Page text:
You have been working with Royal Doulton for a few years now. How did that relationship come about?
Royal Doulton approached me four years ago. They were initially interested in the patterns. The cityscapes came later on. They also realised that people want what we call a gift-offering and they thought that my things would work very well for that. So that’s been an ongoing relationship with them. We did the ‘Foulard Star’, which is all the patterns and then the scenic things and now we have the geometric range. That really helped people see how my things can be translated onto other surfaces. We work closely with their design team to make something that works for them. It’s a real collaboration, even down to the packaging.
What other partnerships have you been involved with?
Last year we did a stationery range with Clairefontaine, a poster for the and the kettle and toaster with Dualit. They are all different processes. I really like the way that the design process is dictated by the product.
You have recently done some work with Selfridges?
Selfridges is my latest project, called ‘Makers for Selfridges’. It’s the first project that they’ve done where they’ve commissioned makers and designers to work with them. It’s curated by Friends & Co. The thing that unifies the range is the signature yellow of Selfridges. Originally I was going to do a drawing of the building but in the end they liked the people, buses and taxis I put in front of the store. Harry Selfridge had sold pug dogs so I thought I’ll have all these people with their dogs and the dogs look like their owners or the owners look like their dogs. They’ve all been shopping or they’re looking in the window. Everyone knows it’s Selfridges because they have their yellow shopping bags. It’s made from English bone china and made in Stock-on-Trent. It’s been a really nice project to work on.
What are you currently working on?
I’ve been working on some design ideas for new cushions, block prints and some big sampler panels. They are my homage to my favourite things, a collection of my drawings, found drawings of things like a Paul Klee poem, a lace sampler, a diagram, a font, or a botanical drawing. I’m mixing them all like a big doodle.
We are also working on a jacquard accessory for Case Furniture which is coming out in May.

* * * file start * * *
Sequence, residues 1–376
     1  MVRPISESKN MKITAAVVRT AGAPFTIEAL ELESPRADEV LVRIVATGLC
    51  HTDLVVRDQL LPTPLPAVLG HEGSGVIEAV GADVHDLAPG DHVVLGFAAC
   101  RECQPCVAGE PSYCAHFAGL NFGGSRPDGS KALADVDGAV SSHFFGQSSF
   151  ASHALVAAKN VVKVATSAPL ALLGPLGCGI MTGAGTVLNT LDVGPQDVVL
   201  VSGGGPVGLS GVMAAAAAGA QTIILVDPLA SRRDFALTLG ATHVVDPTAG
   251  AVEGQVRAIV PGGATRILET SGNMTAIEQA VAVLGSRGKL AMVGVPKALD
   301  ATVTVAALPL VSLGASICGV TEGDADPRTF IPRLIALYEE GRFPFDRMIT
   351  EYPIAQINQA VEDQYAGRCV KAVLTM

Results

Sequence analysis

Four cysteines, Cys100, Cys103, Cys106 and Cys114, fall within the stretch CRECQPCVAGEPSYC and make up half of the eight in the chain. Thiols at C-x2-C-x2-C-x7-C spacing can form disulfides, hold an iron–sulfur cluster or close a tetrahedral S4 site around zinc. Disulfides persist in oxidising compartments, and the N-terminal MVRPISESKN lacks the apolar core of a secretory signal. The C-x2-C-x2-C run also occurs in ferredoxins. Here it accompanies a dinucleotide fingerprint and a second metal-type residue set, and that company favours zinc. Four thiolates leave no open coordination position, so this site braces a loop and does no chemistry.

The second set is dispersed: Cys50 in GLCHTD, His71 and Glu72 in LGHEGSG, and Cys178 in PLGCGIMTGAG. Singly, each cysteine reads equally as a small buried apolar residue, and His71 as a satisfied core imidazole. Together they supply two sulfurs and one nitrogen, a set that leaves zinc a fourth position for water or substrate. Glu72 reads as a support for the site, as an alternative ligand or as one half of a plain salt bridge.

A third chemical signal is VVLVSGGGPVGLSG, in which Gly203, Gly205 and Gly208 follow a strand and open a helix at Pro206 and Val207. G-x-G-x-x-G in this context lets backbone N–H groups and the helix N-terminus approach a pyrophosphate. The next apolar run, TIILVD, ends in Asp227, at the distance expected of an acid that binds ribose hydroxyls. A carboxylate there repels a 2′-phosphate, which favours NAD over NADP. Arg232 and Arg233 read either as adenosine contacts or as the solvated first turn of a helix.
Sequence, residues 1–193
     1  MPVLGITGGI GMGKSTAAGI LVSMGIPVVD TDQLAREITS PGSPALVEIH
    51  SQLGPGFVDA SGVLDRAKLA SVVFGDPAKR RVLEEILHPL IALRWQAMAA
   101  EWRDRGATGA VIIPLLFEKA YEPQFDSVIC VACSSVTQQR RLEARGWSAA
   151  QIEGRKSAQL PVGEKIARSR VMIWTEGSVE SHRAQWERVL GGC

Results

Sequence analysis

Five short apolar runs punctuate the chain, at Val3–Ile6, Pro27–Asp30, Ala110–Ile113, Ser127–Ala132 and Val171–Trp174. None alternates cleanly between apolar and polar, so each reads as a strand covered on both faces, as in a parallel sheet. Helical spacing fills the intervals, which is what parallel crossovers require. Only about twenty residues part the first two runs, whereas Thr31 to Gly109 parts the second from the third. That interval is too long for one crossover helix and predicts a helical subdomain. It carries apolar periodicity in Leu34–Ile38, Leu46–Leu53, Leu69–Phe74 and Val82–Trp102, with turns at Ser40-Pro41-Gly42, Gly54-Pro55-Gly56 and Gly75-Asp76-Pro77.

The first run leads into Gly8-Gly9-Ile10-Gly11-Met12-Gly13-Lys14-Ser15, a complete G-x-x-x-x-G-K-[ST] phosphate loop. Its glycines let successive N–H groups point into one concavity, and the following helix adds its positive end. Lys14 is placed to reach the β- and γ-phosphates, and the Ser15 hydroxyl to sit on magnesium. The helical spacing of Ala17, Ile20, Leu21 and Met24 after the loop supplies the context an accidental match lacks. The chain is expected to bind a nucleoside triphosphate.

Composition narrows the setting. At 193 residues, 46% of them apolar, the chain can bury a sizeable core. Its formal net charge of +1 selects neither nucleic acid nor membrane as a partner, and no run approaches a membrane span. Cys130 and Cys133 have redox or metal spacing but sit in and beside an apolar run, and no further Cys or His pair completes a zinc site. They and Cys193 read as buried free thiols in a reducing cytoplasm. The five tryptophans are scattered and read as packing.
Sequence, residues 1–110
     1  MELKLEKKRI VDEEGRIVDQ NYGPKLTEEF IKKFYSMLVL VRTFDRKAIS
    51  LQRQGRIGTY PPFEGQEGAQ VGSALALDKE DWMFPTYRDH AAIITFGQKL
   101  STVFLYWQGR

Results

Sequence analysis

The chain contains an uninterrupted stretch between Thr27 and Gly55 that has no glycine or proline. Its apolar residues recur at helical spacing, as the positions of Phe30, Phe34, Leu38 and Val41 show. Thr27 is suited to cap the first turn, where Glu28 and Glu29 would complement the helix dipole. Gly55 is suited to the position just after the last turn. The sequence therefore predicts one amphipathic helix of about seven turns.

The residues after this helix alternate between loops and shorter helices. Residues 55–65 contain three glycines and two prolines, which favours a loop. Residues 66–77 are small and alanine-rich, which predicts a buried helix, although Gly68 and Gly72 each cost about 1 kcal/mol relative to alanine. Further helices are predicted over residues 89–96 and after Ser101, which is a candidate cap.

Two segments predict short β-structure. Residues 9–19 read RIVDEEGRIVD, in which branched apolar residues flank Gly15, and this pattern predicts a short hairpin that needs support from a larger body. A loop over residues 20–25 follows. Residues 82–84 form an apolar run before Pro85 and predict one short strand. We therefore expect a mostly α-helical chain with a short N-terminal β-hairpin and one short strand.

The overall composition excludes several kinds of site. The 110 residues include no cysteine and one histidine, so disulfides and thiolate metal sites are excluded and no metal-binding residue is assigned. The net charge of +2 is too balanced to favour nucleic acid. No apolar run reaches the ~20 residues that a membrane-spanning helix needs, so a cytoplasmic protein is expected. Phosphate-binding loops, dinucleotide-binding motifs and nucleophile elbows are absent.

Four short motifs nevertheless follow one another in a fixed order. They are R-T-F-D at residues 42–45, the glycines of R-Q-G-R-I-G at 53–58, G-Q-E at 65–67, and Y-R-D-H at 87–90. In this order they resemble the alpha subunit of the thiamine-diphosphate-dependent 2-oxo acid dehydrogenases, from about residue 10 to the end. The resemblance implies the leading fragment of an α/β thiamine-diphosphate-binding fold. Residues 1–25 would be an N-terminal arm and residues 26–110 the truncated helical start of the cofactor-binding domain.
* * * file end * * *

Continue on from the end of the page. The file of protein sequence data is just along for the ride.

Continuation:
How often do you visit the manufacturers and the people who make your products?
Any opportunity to go to the factories where people make things is a good way to give people the due respect for being incredibly skilled at what they do. And you also learn a lot about what you can get made because you can see first hand.
You have a shop and studio in Shoreditch. How did this come about and how do you use it?
Before I had the shop I worked from home by myself. The business eventually got too big and the whole house was taken over with work. I decided that I needed a studio and I needed to go out everyday. I thought that if I did a shop and a showroom/office together, it’s a way of showing everything that I have under one roof. And I’ve got my house back. Being able to have everything out together helps me feel what we should be doing.
You have started running workshops. Tell me about why you like doing these?
We decorate our own ceramics on bone china and customers coming to the store are always very interested in this. So we thought we would offer that out so people can come and decorate their own china. We’ve got lots of blank china, such as teapots, plates, cups and saucers, mugs. We’ve just done a series of workshops when people come in and cut everything out themselves and decorate. We get them fired and they come and collect them. I love how when people have free reign they do everything in a completely different way to me. With the same palette there are so many variations that people come up with. It’s still my imagery but I love giving that freedom to see what someone else does.
Why do you like being involved in the Dulwich Festival Artists’ Open House?
It’s so great to meet local people and open your house up. You put it all out there and you have such a range of people come. I get lots of things out that I might not have in the shop as you never know what people are going to be interested in.